ENGLEWOOD, COLO. — Harris Broadcast is targeting TV everywhere with the acquisition of Imagine Communications, a San Diego, Calif.-based company specializing in transcoding. The value of the transaction was not disclosed.
“We needed adaptive bit-rate transcoding,” said Charlie Vogt, CEO of Harris Broadcast. “It was in our roadmap, but we saw this market evolving faster than we felt like we could introduce our own product. That’s what drove us to look at the space.”
Vogt said the acquisition gives Harris Broadcast a bolder entrée into the cable space. Imagine’s customers include Time Warner Cable, Cox and Suddenlink, among others.
“They take us deeper into cable, and into the telco market—AT&T, Verizon, Vodaphone. They do give us this new vertical, and they give us a product that our broadcast customers are buying from someone else,” he said.
The bigger picture is the path to multiplatform delivery, particularly with adaptive bit-rate technology, said Glen LeBrun, Harris senior marketing director.
“I think real key is that in the ABR space, with TV everywhere, it’s about providing linear experience across multiple platforms with bandwidth constraints. Because it’s in a non-linear realm, you’re dealing with asset management, digital rights, [etc .] You also have a different a structure. You don’t run same ads on all platforms, so they’re dynamically inserted.”
Imagine holds five transcoding patents with one pending. Its “solutions” portfolio includes various MPEG-4 encoding and transcoding applications. The product line includes broadcast and streaming systems. The ICE Broadcast System, for example, is said to handle multiformat transcoding for up to 16 HD channel and 32 SDs in a 1 RU footprint. The ICE Streaming System is said to transcode up to “1,500 output profiles from a single blade [server] platform.” The company’s Dense Transcoder is said to cover more than 200 HD profiles per RU “and will replace an entire headend with a single box.”
In addition to giving Harris more access to new markets, Imagine transcoding will be integrated into Harris products. First will be the Selenio compression, networking and processing gear, branded “Selenio Next.”
Vogt, a telecom IP veteran who took the helm of Harris Broadcast last July, has made no bones about taking the business into the software realm. The Imagine acquisition, he said, lays the foundation for “true software-defined integration of sales, scheduling, automation, playout and delivery across both linear and non-linear content distribution networks,” invoking a phenomenon not entirely welcome in a business of proprietary hardware.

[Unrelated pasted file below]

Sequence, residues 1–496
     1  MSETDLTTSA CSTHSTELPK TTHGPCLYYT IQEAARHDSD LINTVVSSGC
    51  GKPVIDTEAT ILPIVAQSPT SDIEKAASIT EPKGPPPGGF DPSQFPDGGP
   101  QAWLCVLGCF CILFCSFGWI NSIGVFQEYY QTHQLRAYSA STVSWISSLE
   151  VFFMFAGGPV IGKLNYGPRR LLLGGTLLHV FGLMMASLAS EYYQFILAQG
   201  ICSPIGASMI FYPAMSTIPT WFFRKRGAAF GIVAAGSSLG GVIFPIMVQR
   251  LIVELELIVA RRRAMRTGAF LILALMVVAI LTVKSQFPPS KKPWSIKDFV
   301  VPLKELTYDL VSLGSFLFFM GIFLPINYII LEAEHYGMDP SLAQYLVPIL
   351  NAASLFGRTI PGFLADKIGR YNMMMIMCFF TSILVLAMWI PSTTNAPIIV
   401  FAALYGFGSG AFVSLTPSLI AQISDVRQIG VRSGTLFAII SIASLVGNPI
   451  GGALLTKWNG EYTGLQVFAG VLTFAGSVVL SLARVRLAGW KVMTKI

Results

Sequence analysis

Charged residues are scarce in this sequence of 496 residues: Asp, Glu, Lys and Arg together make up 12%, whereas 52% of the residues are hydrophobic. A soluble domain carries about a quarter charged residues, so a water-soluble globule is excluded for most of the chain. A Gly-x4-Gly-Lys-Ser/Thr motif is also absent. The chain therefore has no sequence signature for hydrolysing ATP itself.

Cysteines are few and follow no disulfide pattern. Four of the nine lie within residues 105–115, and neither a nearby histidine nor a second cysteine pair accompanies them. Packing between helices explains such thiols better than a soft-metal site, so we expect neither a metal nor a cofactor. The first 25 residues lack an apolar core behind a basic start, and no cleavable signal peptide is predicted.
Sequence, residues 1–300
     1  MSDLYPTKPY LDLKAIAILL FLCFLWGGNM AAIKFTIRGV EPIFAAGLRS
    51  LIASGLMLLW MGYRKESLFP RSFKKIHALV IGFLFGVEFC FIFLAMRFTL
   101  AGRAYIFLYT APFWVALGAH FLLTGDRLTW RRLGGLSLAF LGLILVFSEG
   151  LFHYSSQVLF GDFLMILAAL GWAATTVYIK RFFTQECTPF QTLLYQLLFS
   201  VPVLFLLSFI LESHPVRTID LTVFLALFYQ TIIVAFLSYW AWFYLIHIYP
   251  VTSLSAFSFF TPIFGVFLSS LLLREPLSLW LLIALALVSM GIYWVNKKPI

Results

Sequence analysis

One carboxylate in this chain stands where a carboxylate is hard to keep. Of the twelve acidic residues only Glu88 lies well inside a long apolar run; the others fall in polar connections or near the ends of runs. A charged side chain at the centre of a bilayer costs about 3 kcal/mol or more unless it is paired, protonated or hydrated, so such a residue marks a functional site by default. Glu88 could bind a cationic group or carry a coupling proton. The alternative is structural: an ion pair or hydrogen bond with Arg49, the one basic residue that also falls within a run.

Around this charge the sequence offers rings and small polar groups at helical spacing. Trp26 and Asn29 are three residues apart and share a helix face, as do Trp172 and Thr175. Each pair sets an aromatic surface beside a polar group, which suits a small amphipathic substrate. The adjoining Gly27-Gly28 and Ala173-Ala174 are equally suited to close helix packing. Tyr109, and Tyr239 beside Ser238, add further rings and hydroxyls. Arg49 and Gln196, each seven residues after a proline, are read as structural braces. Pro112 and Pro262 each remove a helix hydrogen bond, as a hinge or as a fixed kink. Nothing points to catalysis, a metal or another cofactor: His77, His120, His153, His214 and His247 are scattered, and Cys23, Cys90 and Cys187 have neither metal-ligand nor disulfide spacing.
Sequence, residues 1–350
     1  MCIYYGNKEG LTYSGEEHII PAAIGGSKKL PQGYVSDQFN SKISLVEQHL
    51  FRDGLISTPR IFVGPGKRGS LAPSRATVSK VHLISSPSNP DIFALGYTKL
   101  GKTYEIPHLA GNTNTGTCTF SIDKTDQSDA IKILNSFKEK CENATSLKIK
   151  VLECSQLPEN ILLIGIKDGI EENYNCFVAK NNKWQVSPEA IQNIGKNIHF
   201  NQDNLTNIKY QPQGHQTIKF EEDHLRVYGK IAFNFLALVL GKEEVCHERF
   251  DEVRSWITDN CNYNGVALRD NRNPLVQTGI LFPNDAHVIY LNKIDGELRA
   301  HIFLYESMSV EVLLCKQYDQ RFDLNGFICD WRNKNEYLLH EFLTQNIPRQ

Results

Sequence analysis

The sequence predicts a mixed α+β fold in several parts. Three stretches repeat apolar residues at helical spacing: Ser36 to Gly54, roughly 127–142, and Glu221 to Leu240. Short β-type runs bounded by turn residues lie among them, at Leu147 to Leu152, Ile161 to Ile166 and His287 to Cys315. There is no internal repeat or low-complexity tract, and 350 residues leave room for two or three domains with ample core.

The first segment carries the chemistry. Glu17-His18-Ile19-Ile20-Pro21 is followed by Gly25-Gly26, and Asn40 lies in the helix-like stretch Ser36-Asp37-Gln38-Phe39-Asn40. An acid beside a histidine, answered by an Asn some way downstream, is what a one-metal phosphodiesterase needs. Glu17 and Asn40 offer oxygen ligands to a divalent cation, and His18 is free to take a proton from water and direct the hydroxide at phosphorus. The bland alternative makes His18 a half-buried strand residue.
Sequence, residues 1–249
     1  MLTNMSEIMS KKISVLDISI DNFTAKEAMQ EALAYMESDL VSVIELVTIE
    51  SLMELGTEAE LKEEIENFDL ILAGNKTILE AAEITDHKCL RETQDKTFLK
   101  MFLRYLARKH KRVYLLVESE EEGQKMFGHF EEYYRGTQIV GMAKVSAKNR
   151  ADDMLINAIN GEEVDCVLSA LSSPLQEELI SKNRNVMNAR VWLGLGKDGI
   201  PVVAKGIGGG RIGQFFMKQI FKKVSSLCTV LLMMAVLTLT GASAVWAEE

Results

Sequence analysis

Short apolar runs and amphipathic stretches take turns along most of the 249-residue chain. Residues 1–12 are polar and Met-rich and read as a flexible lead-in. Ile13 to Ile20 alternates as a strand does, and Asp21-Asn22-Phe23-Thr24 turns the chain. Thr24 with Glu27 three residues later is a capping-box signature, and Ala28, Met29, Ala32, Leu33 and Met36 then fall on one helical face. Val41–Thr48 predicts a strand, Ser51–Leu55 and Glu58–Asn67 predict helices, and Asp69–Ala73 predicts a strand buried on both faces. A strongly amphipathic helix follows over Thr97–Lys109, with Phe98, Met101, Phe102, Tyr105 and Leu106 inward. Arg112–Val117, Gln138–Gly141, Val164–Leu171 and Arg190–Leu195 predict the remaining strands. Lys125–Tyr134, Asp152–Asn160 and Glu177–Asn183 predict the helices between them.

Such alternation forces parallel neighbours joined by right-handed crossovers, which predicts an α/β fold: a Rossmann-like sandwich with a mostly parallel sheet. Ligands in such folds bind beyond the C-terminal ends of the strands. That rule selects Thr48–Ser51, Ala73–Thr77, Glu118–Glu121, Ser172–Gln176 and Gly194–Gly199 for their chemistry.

“When we see technology trends, we see customers virtualizing networks in private and public data centers,” he said. “You’re truly building a software-defined network. What this industry is going to experience faster than they think is the adoption of IP as an underlying technology and a hardware-independent architecture.”
SDNs, he said, put customer control at the network level as opposed to confining it to a physical facility.
“We see this industry evolving to software-defined networks,” he said. “While we have hardware, we’re mostly a software-embedded company.”
“I think there will be more change from SDN [in television] than there was in the telecom industry,” he said. “I’ve met about 120 customers. There are not to many meetings where they’re not discussing the aggressive transformation of the business. I don’t think there are any companies as prepared as Harris.”
While Imagine’s transcoding is not yet offered as software-as-a-service, there are applications of it that may be, Vogt said.
“They have a next-generation ABR chip, that from a price and performance perspective, is above everyone else. You’ll see us move ABR to a more software-oriented platform, and to provide a next-generation DVR in the cloud,” for the likes of perhaps Comcast or AT&T.
Imagine has around 50 employees, with headquarters in Southern California, and R&D in Netanya, Israel, where it was founded in 2000. As of May, 2010, it had secured $34 million in funding from Carmel Ventures of Herzliya, Israel; Court Square Ventures of Charlottesville, Va.; and Columbia Capital of Alexandria, Va.
Vogt said the integration of Imagine into Harris would commence immediately upon closing, which is expected to occur around Jan. 1, 2014.
“You’re talking to someone who’s bought and sold 17 companies,” he said. “I am not someone who leaves new companies on their own… There’s an aggressive plan to integrate the company.”
The San Diego offices likely will be moved to “one of our centers of excellence,” Vogt said. Further details will be released when the deal closes.
As for what’s on deck, Vogt stressed that Harris was still spending around $100 million on R&D.
“We’re pretty thoughtful about trying to grow organically. You’ll see us doing more technology acquisition than otherwise. We have scale and we have customers. The only place where we don’t have a footprint is telecom. Government is also an interesting space.”
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April 30, 2013, “Harris Broadcast Repositions, Cuts Staff
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March 4, 2013, “Remembering the Gates Radio Company”
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May 3, 2012, “Harris’ Broadcast Divestiture—Some Corporate History”
I thought it worth mentioning here, due to the critical role that Harris has served as a major, if not dominant, player in the U.S. TV transmitter and Mobile DTV areas.
May 1, 2012, “Harris Will Sells Its Broadcast Business”
“The decision to divest Broadcast Communications resulted from a thorough review of our business portfolio, which determined that the business is no longer aligned with the company’s long-term strategy,” said Harris Corp. president and CEO William M. Brown.
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